The 4th Traverse City Film Festival drew to a close on Sunday.
I shot a few events this year, but also took more time to see movies and enjoy the parties. I've posted some of my photos in the TCFF 08 album.
I tried to get to at least one movie a day this year. One movie that really impressed me was Profit Motive and the Whispering Wind, a film based on Howard Zinn's book, A People's History of the United States, a book that I read a few years ago, which is definitely worth a read.
The film is basically an hour long montage of historical markers and headstones, following many of the figures, movements and protests chronicled in Zinn's book. The film has no voice overs, no music, simply the ambient sounds of locations where the footage was shot.
I took a couple of things away from this movie. Given that there was no dialog, the movie really allows the viewer to fill in the blanks, and come up with their own conclusions regarding what is being presented. This was an aspect of the film that I really enjoyed.
Far too often, much of what we are shown in typical documentaries, even on the news, is laden with some selection of dramatic music, and typically provides far less latitude for the viewer to roam with their own thoughts within what is being presented. I'm not sure when the trend started, but it seems like many of the major US-based news networks have to have a title and theme song for every catastrophe... (Fox's "america's challenge" - case in point), but that's another topic I suppose. I've always been one that's believed you should have a well-balanced diet of information sources, if not just for the fact that you're likely to get a more well rounded view by doing so, but also due to the fact that much of what seems to be coming out of the news these days is over dramatized and factually generalized to the point of being benign, and consequently less thought provoking. There are a few exceptions to this, of course.
The essence of Zinn's book, and the film as well, highlights historical situations where people or groups, typically oppressed in some manner, have exerted influence on government or institutions for the betterment of their living situations or for equal treatment in society, among other things. The result is a view of history from a grassroots level, rather than one that is viewed from those in positions of power. It is a good record of what can be accomplished when people unite and drive political progress.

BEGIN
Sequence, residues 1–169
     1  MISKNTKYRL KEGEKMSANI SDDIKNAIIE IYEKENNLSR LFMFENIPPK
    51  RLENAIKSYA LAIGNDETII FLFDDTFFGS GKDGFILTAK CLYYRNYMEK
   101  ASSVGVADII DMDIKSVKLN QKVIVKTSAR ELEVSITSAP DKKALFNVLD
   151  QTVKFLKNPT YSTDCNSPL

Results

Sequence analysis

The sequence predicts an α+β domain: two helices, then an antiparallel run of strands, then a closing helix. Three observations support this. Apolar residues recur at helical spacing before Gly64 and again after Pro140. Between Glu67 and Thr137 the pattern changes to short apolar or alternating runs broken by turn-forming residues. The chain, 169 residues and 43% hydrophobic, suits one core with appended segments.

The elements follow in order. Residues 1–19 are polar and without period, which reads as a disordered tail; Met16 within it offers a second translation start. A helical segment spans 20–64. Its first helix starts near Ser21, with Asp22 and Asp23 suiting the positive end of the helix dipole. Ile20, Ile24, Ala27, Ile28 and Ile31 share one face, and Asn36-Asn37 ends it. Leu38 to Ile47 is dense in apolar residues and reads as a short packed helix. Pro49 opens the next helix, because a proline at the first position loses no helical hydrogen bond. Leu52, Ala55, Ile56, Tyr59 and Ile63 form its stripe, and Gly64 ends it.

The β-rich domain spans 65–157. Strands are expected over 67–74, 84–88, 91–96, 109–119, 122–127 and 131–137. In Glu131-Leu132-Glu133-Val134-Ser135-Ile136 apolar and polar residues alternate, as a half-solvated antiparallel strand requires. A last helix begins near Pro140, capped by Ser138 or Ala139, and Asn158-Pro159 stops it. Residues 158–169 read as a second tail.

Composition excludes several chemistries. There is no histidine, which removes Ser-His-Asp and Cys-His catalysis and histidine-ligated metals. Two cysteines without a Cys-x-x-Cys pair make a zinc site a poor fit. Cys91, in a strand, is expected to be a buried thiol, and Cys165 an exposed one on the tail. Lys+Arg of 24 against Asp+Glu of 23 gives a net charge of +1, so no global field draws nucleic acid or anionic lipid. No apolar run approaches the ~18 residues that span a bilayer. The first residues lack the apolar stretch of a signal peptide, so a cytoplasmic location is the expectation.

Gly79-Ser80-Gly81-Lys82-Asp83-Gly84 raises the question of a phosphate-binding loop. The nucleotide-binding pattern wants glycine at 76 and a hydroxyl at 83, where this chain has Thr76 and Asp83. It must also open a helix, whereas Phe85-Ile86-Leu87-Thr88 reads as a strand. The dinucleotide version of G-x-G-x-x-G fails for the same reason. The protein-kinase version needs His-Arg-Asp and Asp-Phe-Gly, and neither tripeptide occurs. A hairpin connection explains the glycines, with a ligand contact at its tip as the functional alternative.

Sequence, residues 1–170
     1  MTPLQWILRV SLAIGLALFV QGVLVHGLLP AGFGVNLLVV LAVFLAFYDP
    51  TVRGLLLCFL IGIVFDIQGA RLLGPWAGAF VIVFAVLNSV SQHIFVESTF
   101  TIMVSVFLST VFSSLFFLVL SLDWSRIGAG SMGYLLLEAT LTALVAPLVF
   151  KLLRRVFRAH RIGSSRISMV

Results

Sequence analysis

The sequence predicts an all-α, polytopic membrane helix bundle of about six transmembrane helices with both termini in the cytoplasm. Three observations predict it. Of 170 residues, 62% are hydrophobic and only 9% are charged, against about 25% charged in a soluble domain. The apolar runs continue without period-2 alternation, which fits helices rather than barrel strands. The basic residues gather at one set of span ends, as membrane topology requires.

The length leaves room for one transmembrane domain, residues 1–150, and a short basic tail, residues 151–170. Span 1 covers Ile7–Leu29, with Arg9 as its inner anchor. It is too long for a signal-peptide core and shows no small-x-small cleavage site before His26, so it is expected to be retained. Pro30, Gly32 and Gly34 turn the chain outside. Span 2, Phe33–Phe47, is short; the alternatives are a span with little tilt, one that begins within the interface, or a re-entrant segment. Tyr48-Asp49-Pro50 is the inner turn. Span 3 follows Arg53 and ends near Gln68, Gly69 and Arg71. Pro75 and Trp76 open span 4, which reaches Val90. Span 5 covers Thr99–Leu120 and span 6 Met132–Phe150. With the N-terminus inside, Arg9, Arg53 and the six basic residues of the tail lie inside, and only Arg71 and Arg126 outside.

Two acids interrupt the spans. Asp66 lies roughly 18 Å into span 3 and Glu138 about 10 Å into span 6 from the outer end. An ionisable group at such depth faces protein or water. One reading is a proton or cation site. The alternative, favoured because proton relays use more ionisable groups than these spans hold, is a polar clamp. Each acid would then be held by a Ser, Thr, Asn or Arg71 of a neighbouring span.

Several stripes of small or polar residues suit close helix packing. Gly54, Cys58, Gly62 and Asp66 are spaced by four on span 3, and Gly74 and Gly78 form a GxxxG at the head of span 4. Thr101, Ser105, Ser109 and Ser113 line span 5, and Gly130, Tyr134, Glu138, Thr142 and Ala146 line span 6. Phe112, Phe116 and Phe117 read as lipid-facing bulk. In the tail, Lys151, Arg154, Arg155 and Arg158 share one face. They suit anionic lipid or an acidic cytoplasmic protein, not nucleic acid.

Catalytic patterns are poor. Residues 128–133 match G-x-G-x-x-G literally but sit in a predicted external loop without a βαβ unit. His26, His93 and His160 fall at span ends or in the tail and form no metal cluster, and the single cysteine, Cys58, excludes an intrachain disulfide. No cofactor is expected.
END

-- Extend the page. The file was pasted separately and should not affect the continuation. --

The movie was a thought provoking piece, especially when taking into account the current political atmosphere surrounding the upcoming US elections, in particular the prominent theme of "change", which all of the candidates have latched on to at some point with varying degrees of success. While there has been a great deal of excitement and momentum surrounding a singular person promising sweeping changes, it's important to remember that change often doesn't come from one person, and that people must have some involvement in the political process to create the kind of momentum needed to chip away at the stagnant perches held by many of the serving politicians.
It is encouraging to see such a recent influx of new voters and people interested in the political process, especially considering (and likely a result of) the course of the past few years. That said, such momentum should be sustained beyond the general election for that very reason. Additionally, it would be an utter disappointment in the face of such a renewed political interest if there is no accountability for maintaining and following through on the promises of such changes that are the foundation of a candidate's campaign.
I had the chance to watch a few other notable films, though in terms of what I was left with at the end of each of them, I would say that this film was the most satisfying. Sadly, I didn't get to catch any of the later films at The State, and a few of the other headline movies, but there is always next year. It was good to see this festival from both sides this year.
As far as my own artwork - I've been fairly busy with a few new things, meditating on some new ideas. I feel like I'm at some strange point where I require some level of reinvention. It happens from time to time. I do have a pretty exciting semi-new project in the works, which I will announce next month. I have also decided that this project will also be the topic of my December solo show as well. More to come on that.